Can a mortgage make you happy? As an elder law lawyer in Massachusetts I see the worst of the human condition on a daily basis – depression, debilitating illness, greed, elder abuse, death. Seldom is the lawyer brought in to celebrate good news with an elder law clients. The most common characteristic of our elder law clients is depression. Whether caused by isolation, grief or worry, depression is epidemic among the elderly. It is particularly noteworthy in elders that live alone in their own homes.
It’s difficult to know which is the proverbial cart and which is the horse, but it would seem that aside from grief over the loss of a spouse (often the husband had passed first), the isolation and worry are caused by financial insecurity. When an elder lacks financial resources to purchase groceries let alone take part in ordinary social rituals (church, bingo, social clubs) for fear of the stigmatization of poverty they withdraw from the very community that should be there to support them emotionally in their time of need. In most elders’ minds American society rewards financially successful people with acceptance and shuns those that cannot achieve their own financial security.
Over time this withdrawal from community compounds the issues of limited financial resources and depression. The further effects of malnutrition, reduced medical care (often in the form of splitting pills to non-therapeutic doses) and the physical dilapidation of the elders home leads the elder to long term care facilities and being forced to sell their home in an unplanned manner. The elders "house rich" circumstances control the situation and the inevitable outcome. Many elders have children who lack either the means or will to provide financial aid to their parents (if they could provide financial support to their elder parent homeowner, I can recommend looking at the new program offered by Circle Lending (not a lender) called Family Advantage – it’s basically a privately funded reverse mortgage). While selling the home is always an option it seldom helps the elder and often further sends them the message that they have failed to maintain the lifestyle to which they had worked for throughout their lives.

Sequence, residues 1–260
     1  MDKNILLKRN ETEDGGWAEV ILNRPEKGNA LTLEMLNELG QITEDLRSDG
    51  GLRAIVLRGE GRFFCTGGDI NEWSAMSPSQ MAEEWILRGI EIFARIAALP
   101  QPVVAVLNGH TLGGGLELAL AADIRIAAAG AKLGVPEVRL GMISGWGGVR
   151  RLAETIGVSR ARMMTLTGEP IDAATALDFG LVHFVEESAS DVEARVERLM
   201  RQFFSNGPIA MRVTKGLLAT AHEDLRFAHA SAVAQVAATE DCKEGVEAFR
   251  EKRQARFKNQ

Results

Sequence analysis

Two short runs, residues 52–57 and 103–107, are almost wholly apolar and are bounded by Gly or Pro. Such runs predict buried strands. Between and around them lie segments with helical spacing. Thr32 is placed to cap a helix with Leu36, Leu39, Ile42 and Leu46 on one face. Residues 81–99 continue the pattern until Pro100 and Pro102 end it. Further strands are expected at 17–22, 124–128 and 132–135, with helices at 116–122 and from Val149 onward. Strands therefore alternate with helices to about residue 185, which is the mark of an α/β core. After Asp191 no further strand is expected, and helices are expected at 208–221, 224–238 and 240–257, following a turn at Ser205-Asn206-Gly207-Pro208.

I have been witness to miracles brought about by elders making the decision to help themselves by obtaining a reverse mortgage. Contrary to the conventional "wisdom" that has shrouded reverse mortgages for years; reverse mortgages are good solutions in the right situations. "You mean I will receive $1,100 every month for the rest of my life? – I’m going to start swimming again at the Y." That is what I heard just yesterday at a reverse mortgage closing. By being able to tap the equity in the real estate that they own elders can access value without disrupting their personal culture and well being by selling their home.
It is an empowering thing to be given freedom from lingering debt or years of insufficient income. Anecdotally, I have seen many elder law clients of my law firm emerge from their funks and indeed their depressions, to get back on their feet using their home equity. Contrary to some popular thinking, despite the cost of obtaining a reverse mortgage (nothing in this life is free from what I can tell) and the thought that there will be less inheritance left for the aforementioned good for little children; reverse mortgages are lifelines for the elder community. Reverse mortgages solve problems. Reverse mortgages unlock the paper appreciation in real estate over a lifetime of hard work. Reverse mortgages are the friend of the elderly. Reverse Mortgages make elders smile.